If you think that you're too busy to fit in a full workout, think again. Plenty of research shows that small bouts of exercise can add up and provide just as many heart-healthy benefits as longer workouts. You don't even have to be at the gym or wearing workout clothes for it to count. You can squeeze in little bits of activity here and there so that even when you're too busy for a full workout, you can stay active and burn calories. Below are simple and inventive ways to transform the must-do activities of daily life into mini-workouts. Cleaning the House Unless you're lucky enough to have a housekeeper, most of us probably have cleaning on our to-do lists. Instead of seeing it as a chore, start thinking of cleaning as a serious double-duty workout. Simple and easy cleaning, such as dusting, taking out the trash, straightening and changing the bed linens, can burn up to 170 calories per hour for a 150-pound person. And heavier duty tasks such as sweeping the floor, washing windows and cleaning the garage can burn more than 250 calories an hour. To up that calorie burn even more, get creative! When scrubbing the bathtub, take fewer breaks, and scrub extra hard to work your muscles (don't forget to switch arms). While vacuuming, add some lunges instead of letting your arms do all the work. When cleaning the stove, don't just bend over; squat down to get to those hard-to-reach places. When doing laundry, use the bottle of detergent as a dumbbell and do a few bicep curls on your way out of the laundry room. Or sneak in a few push-ups on the kitchen counter before you start scrubbing. The opportunities when cleaning are endless, and how awesome is it to have both a fit body and a clean house? At Work We've all heard the advice to take the stairs instead of the elevator and park at the back of the lot to get more walking in, but there are even more easy ways to squeeze activity into your workday. Instead of emailing or calling a coworker, walk over to his or her office for that report you need. Or suggest trading the normal sit-down meetings (which normally also feature not-so-great pastries and sweet treats) for walking meetings. Walking meetings aren't perfect for all types of business, but the activity and break from the norm can encourage new thoughts and unique solutions to problems, making it great for brainstorm sessions. If you have a buddy at work who is also looking to get fit, invite him or her to an active lunch break where you go for a brisk walk outside, climb a few flights of stairs or even hit the work gym if you have one. Plus, having a buddy can certainly help you to avoid office temptations (like the vending machine at 3 p.m.) and remind you to take a break to be active no matter how stressful or busy your day is. You can squeeze plenty of activity in on your own if you don't have a like-minded coworker. Try this printable 15-minute desk workout that you can do anytime, as long as you have an open wall and a chair! Better yet, stash a pair of dumbbells or a resistance band in your drawer or locker to use during breaks or while you talk on the phone. If you have the space, play a workout DVD or one of SparkPeople's online workout videos on your laptop and have a co-worker join you. Unless you have a shower at your workplace, go for yoga and Pilates DVDs that will tone your muscles and give your mind a break from work without leaving you a sweaty mess. During Your Commute Most of us spend more time in our cars than we'd like, either commuting or driving kids to and from various practices (or both!). Instead of having this time be completely passive and sedentary, make the most of it with a few simple exercises that are safe behind the wheel. The first thing you can do is throw any self consciousness out the window, turn up your favorite tunes and "car dance" your heart out—just be sure to watch the road and save your most complicated dance moves for sitting at a stoplight. If you're a female, you can also do Kegels, which help with core strength. Sitting in the car is the perfect time to work on improving your posture. Most of us allow our shoulders to round and our heads to push forward when we drive. Instead, sit with your back straight (adjust your set back to help with that), your chin tucked in toward the tag of your shirt, and your shoulders relaxed down and back away from your ears. Try to keep your abs engaged and sit with perfect posture for as long as possible, adjusting it each time you notice you're slacking. Sitting tall is hard work and takes effort. Simple adjustments like these can also help alleviate tension as well as pain in your shoulders, neck and back. And anyone, male or female, accomplished dancer or not, can stretch when stuck in traffic. Shoulder, triceps, neck and spine stretches are perfect for stoplights and also tame your tension; hold each for 30 seconds (or until the traffic starts moving, whichever comes first). Sure, they won't burn mega calories, but they're definitely better than nothing, especially if you tend to skimp on flexibility training! And if you really want to turn your transportation time into a workout, consider walking or biking to work or your destination whenever possible. Getting Ready Getting ready in the morning may seem like a weird time to sneak in activity, but you totally can. Make it part of your morning routine to do a few stretches, jumping jacks or push-ups. Just a few minutes of activity first thing in the morning can wake you up and get your endorphins going. Just be sure to start slow and easy if you just woke up, as your muscles may be tight from not moving for hours while you slept. Try squats and lunges while you blow-dry your hair or pump out a few calf raises while you brush your teeth. I personally love to stretch in the shower, as the warm water helps loosen up muscles. It's good for you, and it feels great. Yard Work Mowing, trimming bushes and gardening are huge calorie burners. A 150-pound person can easily burn 200-400 calories an hour working in the yard. And for those who love power tools, just remember that automatic tools do most of the work, meaning you'll burn fewer calories than if you mowed the lawn with a push mower, for example. So when in doubt, go with the manual option. It might take a little longer to trim that tree, but you'll be getting in quite a workout and keeping your body in tip-top shape. And don't be afraid to get creative. When working in the yard, there are ample opportunities to squat or lunge to pick up tools or do a few reps with bags of soil or mulch! When it's snowy outside, you can burn 400-plus calories an hour shoveling the powdery stuff. Shopping Save time and get fit by making your shopping a full-out workout. Power walk through the store, and unless you absolutely have to, forgo the cart for a handheld basket. As the basket gets heavier, you can build some serious muscle carrying it around the store. Just be sure to carry the basket on both of your arms so that they both get an equal workout. And if you do have to use a cart, do some small lunges while pushing it out to your car and really use your arms to push the buggy. TV Time Many of us watch our favorite television shows to relax after a hard day. While it may be tempting to plop on the couch and veg, don't. After a long day the last thing your body needs is to sit down; moving will make you feel better and get you closer to your goals. Vow to do push-ups, crunches, jumping jacks or some sort of exercise during each commercial break. Performing these moves during the commercials of an hour-long show can help you burn at least 100 calories more than sitting, and you still get to enjoy your guilty-pleasure show. Remember that while you may work out regularly, that's only a few minutes out of your entire day that you're actively moving your body, which is designed for physical activity. Squeezing in short bursts of exercise is great for beginners and experienced exercisers because it burns calories, tones muscles, strengthens your heart and helps you achieve an active lifestyle, the benefits of which are far reaching. So start thinking of more ways you can get active on the job, at home and throughout the day!Article Source: http://www.sparkpeople.com/resource/nutrition_articles.asp?id=1442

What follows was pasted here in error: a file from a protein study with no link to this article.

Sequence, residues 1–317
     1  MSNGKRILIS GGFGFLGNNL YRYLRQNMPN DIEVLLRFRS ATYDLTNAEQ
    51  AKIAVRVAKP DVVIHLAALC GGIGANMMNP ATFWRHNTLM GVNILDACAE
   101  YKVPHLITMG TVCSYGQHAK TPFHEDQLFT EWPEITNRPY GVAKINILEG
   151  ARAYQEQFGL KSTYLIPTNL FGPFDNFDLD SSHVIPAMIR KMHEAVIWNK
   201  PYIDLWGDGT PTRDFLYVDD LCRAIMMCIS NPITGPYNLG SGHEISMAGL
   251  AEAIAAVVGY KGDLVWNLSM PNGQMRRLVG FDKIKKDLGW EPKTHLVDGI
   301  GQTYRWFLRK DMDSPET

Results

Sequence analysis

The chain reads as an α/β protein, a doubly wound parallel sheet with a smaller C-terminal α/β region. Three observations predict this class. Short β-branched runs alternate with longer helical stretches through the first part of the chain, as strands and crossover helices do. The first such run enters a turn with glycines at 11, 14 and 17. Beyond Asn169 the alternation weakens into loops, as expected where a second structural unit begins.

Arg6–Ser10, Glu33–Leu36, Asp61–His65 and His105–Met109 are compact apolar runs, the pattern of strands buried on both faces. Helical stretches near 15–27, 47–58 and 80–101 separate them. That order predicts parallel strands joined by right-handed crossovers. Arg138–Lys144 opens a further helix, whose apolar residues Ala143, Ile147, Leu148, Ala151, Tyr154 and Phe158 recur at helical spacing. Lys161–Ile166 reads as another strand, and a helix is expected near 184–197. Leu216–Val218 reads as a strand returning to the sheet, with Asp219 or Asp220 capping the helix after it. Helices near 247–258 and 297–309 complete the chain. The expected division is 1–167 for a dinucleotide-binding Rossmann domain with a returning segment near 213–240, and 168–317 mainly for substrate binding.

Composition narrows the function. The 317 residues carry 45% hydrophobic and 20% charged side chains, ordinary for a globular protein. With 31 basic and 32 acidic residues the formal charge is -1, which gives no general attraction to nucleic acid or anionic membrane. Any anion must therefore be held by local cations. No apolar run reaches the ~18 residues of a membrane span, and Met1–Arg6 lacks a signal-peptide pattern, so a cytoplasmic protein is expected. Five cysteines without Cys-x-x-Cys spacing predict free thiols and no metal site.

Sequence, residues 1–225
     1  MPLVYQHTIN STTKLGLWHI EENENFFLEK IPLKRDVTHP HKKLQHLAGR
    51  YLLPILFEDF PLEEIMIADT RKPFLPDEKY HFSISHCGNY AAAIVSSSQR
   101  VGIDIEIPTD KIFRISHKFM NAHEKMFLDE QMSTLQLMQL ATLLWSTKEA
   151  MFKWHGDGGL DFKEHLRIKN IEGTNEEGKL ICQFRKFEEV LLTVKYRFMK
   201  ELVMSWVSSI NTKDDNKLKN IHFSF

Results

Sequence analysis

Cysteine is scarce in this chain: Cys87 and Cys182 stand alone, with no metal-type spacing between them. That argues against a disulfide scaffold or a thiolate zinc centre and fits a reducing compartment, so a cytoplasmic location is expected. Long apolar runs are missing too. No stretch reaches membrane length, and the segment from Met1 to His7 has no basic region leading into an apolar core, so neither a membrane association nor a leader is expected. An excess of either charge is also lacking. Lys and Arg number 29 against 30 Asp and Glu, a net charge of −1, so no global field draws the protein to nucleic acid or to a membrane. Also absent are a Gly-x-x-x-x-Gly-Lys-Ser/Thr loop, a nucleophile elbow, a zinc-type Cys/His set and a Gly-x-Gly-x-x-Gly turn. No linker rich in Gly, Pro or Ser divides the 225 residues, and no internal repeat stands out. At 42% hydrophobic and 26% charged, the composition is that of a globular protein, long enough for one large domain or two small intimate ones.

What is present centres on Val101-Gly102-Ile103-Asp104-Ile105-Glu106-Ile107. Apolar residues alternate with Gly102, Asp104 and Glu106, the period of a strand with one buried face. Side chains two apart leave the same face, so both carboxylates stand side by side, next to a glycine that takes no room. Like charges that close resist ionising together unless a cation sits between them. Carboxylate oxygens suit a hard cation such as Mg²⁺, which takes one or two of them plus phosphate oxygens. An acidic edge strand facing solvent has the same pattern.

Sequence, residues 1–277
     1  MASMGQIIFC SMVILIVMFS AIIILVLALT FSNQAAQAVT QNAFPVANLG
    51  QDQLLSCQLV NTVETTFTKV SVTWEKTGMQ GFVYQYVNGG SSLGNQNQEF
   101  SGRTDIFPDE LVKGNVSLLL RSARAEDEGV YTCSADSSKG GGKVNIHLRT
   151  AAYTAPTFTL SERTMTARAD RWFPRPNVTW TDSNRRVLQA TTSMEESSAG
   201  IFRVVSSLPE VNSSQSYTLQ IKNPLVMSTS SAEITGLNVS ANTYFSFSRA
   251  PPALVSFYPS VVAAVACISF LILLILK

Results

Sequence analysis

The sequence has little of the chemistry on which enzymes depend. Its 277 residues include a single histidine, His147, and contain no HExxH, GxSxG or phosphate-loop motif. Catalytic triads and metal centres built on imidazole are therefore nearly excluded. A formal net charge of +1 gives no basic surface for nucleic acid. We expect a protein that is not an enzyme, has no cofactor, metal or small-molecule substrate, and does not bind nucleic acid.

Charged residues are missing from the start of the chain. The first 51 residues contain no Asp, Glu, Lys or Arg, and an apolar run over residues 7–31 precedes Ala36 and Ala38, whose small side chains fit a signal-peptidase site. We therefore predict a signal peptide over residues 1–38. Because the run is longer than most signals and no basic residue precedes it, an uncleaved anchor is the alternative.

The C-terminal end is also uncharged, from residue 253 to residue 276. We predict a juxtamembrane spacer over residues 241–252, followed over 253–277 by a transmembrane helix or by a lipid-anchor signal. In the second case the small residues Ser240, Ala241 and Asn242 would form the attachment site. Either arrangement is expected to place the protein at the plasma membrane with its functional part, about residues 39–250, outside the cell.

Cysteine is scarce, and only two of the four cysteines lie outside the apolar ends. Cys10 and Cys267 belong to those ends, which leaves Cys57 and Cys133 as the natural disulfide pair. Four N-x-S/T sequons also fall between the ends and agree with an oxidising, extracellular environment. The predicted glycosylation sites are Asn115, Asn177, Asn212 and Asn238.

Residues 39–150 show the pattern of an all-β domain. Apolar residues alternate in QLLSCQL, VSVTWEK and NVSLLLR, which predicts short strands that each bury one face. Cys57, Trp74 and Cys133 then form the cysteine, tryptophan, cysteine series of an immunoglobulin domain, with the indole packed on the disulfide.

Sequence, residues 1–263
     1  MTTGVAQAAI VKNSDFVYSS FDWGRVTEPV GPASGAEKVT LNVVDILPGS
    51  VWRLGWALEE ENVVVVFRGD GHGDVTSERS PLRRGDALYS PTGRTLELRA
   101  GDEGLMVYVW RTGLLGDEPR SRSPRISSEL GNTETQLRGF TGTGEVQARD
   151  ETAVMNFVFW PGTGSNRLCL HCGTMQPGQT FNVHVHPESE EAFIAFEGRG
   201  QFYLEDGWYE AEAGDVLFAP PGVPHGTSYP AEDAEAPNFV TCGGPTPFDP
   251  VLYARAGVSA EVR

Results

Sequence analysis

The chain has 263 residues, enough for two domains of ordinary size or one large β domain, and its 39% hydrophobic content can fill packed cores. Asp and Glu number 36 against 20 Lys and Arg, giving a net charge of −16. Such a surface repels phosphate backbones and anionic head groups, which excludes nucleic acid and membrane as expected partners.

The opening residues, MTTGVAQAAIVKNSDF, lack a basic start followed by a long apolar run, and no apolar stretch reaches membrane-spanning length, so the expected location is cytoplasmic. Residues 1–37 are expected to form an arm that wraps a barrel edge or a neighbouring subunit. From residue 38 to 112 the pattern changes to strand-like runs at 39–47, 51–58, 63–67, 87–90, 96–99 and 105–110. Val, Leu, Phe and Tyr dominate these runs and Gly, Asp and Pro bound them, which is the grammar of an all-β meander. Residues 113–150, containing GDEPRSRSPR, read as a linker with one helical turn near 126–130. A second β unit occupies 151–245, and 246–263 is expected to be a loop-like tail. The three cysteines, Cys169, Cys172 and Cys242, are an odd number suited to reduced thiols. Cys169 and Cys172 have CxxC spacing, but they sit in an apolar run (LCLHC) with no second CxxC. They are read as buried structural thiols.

An Exerciser's Guide to Skin Care